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San Diego home prices dropped 30% in the last year, according to data from the Center for American Progress. The county was 16th on the plunge list, but some major Western markets did worse: San Francisco, 4th worst, -43%; Silicon Valley (San Jose-Santa Clara), 5th, -42%; Phoenix, 6th, -42%; Riverside, 8th, -40%; Las Vegas, 9th, -37%; Sacramento, 10th, -35%; and L.A., 11th, -34%. The metro areas with the biggest plunges were Cape Coral-Ft. Myers, Fla., 1st, -59%; Saginaw, Michigan, 2nd, -54%, and Akron, Ohio, 3rd, -48%.So ya wanna buy a cheap house? The median price in Saginaw is $30,300 and in Akron $50,100. The median in SD County is $323,200. In Silicon Valley the median is $450,000. According to Case-Shiller data, SD prices have come down more than 40 percent since peaking in late 2005.

Comments
10

Sorry, that number above is supposed to be $2,500,000! We are discombobulated by the gall.

May 12, 2009

Response to post '#5: It's so true with industries that are so location-dependent. If two or three restaurants fail in the same location, it's pretty hard to peddle it as a restaurant. Best, Don Bauder

May 14, 2009

Response to post #s 1-3: One reason high-end home sellers haven't gotten the message is that they are out of touch with what is going on in the economy. The listing broker should be in touch with reality, but if the seller won't wake up, the price isn't going to move. Best, Don Bauder

May 13, 2009

Well, you wouldn't know there's been a 40% drop in home prices if you were looking for a small house near (but not at) the beach in La Jolla. Some broker at Coldwell Banker who calls herself a "historical homes specialist" just keeps on re-listing a 2-bedroom 1920's house at $250,000 -- and that's with the original kitchen! No marble, no granite, and linoleum on the floor! What a scam.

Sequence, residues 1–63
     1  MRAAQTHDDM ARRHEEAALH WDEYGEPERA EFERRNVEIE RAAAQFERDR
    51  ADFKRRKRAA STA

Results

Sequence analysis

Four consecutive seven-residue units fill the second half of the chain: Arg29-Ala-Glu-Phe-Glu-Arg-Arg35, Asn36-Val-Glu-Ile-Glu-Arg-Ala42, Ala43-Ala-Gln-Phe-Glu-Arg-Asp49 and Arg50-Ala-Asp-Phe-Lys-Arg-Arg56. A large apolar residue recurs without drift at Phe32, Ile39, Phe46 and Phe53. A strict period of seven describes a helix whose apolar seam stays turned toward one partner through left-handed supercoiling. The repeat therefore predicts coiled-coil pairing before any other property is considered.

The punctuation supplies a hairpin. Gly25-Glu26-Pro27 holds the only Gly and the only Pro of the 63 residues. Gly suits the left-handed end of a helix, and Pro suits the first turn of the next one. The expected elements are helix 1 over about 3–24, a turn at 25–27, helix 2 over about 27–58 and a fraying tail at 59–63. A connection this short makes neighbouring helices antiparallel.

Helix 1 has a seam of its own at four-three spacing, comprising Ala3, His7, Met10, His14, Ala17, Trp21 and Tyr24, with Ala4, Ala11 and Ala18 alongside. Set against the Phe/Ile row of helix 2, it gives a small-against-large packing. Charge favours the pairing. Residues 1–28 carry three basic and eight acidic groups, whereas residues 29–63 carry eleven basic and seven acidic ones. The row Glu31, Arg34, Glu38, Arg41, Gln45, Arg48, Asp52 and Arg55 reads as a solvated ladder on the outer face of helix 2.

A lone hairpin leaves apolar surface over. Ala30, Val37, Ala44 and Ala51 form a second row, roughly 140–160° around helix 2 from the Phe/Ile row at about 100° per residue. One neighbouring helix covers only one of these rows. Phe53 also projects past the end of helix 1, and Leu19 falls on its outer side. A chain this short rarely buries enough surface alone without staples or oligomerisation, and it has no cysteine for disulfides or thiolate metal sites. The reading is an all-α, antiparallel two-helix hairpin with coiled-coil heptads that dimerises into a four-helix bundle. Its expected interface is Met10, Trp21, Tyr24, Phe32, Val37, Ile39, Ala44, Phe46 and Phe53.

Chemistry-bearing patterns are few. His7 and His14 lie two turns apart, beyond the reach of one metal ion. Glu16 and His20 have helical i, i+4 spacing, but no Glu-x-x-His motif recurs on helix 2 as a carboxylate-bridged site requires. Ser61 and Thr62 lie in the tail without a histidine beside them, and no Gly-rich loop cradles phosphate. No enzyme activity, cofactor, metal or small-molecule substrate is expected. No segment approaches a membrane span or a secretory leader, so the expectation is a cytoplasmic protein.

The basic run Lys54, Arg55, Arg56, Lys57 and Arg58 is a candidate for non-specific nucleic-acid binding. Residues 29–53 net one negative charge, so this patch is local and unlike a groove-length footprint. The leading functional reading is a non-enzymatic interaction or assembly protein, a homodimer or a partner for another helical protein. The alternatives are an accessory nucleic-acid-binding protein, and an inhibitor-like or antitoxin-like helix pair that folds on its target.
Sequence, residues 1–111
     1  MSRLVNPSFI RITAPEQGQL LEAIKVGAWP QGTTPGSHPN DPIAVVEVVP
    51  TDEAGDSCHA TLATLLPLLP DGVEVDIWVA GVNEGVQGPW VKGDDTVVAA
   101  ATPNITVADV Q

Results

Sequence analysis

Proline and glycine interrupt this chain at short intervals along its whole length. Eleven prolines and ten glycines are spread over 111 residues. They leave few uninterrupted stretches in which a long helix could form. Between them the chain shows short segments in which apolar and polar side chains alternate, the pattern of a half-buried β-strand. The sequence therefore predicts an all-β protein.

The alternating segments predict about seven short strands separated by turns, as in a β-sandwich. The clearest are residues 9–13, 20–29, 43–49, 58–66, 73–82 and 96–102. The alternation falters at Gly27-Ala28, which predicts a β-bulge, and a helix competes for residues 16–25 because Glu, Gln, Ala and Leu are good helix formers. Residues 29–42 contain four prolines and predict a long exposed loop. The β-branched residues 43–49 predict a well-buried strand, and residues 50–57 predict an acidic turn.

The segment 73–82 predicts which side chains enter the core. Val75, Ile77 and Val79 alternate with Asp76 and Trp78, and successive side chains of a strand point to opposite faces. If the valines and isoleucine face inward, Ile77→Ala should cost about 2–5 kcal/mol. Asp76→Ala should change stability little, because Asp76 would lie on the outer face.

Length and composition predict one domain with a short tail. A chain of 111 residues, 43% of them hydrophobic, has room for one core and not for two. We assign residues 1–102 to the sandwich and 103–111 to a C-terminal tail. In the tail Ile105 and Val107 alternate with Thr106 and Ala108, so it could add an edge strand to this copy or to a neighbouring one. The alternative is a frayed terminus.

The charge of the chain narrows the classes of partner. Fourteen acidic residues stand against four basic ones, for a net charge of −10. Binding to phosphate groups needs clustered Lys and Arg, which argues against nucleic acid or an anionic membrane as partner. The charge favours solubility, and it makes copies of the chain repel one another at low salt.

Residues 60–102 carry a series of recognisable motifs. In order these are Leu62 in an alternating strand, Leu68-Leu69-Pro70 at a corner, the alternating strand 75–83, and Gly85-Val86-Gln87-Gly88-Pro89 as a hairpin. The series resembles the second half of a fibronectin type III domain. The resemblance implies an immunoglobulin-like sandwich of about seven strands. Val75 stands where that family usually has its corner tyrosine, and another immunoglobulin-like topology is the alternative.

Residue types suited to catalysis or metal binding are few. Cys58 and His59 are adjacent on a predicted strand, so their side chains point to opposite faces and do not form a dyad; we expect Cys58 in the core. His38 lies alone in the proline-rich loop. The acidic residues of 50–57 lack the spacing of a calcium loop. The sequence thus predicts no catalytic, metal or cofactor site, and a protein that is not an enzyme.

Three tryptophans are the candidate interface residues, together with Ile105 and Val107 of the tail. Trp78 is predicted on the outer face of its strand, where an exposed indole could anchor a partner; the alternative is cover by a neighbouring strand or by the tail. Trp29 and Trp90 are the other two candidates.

May 12, 2009

Sorry, that number above is supposed to be $2,500,000!

For some reason these high end listings just are not getting the messege, the market has chnaged.

I would estimate thta 95%+ of all high end homes ($1,000,000 plus) are way over market price-and all they do is sit on the market.

I was folllowing a high end home in Malibu that was listed at $15 million, and that was at least double the market.....it was on the market for over 18 months-finally took the hme off the market-no offers.

Saw a similar REO (bank owned) Malibu home that has been listed at $5.3 million, and it has been on the market 6 months with no buyer.

I think these fools are just hoping they will get some oil sheik that just fell off the turnip truck-it's not happening.

Candy Spelling has the Spelling mansion (biggest home in CA) on the market at $150 million-which is at least DOUBLE what it will sell for. This is 2009, not 2006.

May 12, 2009

The listing broker should be in touch with reality, but if the seller won't wake up, the price isn't going to move. Best, Don Bauder

By dbauder

Welcome back Don.